When Pyotr Ilyich Tchaikovsky died of cholera in 1893, he was Russia’s most celebrated composer. Drawing extensively on Tchaikovsky’s uncensored letters and diaries, this richly documented biography explores the composer’s life in the artistic culture of nineteenth-century Russian society, revealing how he became a figure of international renown.
Tchaikovsky was gifted with a prodigious work ethic and a commitment to writing music that was as scrupulously crafted as it was artistically inspired. His music struck audiences as supremely communicative and appealed to wealthy and influential patrons, such as Nadezhda von Meck and Tsar Alexander iii, as well as Russia’s growing audiences for serious classical music. He became the nation’s leading musical celebrity, performing at the opening of New York’s Carnegie Hall in 1891 and receiving an honorary doctorate from the University of Cambridge in the summer before his death. Yet such success came at a price, and Tchaikovsky found the social obligations that his fame entailed burdensome.
Setting aside clichés of the composer as a tortured homosexual and naively confessional artist, this engaging biography paints a new and vivid picture of Tchaikovsky that weaves together insights into his music with a sensitive evocation of his inner emotional life. It contains accessible introductions to his key compositions, as well as suggesting less familiar works for readers to explore, making it essential reading for all those who enjoy classical music.
‘Bullock distils a great deal of thought and breadth of knowledge into this slim volume, conjuring up a clear picture of its subject and written in a way that is both stimulating and illuminating.’ – Gramophone
‘This latest volume in Reaktion’s Critical Lives series is concise, comprehensive, clear-sighted and thought-provoking . . . it is refreshing to find an eminently fair and perceptive assessment of Tchaikovsky’s life and works.’ – Classical Music magazine
‘Short introductory lives of the great composers are getting thin on the ground these days, so it’s good to welcome one on Tchaikovsky which can be relied on to get its facts right. Philip Ross Bullock knows his Russian sources, and takes advantage of freedom from censorship to paint a more vivid picture of Tchaikovsky’s homosexuality which clarifies how much he was, despite his disastrous marriage, happy in his own skin . . . The illustrations are piquant and well selected’ – BBC Music magazine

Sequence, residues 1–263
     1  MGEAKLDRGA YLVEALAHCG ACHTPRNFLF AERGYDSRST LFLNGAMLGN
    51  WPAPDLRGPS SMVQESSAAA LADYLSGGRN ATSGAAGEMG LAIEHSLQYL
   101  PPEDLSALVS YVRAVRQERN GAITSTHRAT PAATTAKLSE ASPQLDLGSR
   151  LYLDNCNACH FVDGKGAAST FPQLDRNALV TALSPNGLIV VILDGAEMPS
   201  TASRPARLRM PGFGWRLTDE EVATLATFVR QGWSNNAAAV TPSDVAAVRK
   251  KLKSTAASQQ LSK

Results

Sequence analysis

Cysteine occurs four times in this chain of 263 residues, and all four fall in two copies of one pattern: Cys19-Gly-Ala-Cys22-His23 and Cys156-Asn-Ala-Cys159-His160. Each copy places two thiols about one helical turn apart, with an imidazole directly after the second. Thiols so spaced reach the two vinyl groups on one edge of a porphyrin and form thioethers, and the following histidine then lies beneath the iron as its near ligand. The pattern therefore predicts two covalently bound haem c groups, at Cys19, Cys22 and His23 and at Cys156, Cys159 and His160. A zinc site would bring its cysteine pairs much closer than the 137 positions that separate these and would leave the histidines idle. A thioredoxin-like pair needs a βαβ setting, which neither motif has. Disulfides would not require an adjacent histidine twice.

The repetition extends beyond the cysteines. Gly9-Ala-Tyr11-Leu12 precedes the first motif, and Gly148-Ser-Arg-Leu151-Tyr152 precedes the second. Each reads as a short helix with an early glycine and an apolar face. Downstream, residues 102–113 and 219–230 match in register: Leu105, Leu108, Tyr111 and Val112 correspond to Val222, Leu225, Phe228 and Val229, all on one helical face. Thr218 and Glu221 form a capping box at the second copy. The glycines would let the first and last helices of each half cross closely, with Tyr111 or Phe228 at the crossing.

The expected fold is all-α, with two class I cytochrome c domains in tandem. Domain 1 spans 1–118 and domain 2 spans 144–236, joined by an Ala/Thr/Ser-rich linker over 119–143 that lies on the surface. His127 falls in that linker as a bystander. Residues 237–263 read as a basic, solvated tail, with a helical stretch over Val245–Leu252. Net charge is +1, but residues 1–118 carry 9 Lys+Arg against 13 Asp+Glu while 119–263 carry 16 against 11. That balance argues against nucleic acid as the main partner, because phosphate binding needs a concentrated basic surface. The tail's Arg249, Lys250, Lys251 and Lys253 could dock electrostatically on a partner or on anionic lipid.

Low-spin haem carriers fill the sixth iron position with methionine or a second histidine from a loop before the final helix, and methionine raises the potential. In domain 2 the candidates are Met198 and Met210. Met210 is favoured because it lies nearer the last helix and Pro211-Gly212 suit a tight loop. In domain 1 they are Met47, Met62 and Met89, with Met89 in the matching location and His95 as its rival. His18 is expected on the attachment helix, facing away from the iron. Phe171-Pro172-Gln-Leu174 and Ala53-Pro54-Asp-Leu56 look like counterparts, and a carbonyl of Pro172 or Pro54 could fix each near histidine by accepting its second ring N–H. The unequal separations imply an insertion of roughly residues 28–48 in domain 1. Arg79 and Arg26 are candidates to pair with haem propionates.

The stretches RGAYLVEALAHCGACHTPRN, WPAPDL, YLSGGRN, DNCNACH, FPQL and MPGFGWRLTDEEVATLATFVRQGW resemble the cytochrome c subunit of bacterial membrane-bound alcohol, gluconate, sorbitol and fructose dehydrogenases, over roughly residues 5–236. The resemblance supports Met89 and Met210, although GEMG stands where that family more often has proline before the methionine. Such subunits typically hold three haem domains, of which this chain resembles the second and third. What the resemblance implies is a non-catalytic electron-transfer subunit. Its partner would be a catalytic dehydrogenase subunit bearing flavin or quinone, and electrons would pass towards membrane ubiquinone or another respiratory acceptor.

‘In his concise but pithy study of the composer, blending biography with a perceptive account of the music itself, Bullock explores the individual characteristics of each of the stage works . . . The account of the life into which the discussion of the works is so skilfully woven is no less considered and thoughtful . . . Bullock looks at the various possibilities, as he does everything else in this surprisingly comprehensive account, with complete expertise as well as fair-mindedness.' – Opera
‘a refreshingly clear-eyed portrait of Tchaikovsky which is both lucid and perceptive.’ – Rosamund Bartlett, author of Tolstoy: A Russian Life and Wagner and Russia
Philip Ross Bullock is Professor of Russian Literature and Music at the University of Oxford, and Fellow and Tutor in Russian at Wadham College, Oxford. His previous books include The Feminine in the Prose of Andrey Platonov (2005), Rosa Newmarch and Russian Music in Late Nineteenth and Early Twentieth-Century England (2009) and The Correspondence of Jean Sibelius and Rosa Newmarch, 1906-1939 (2011).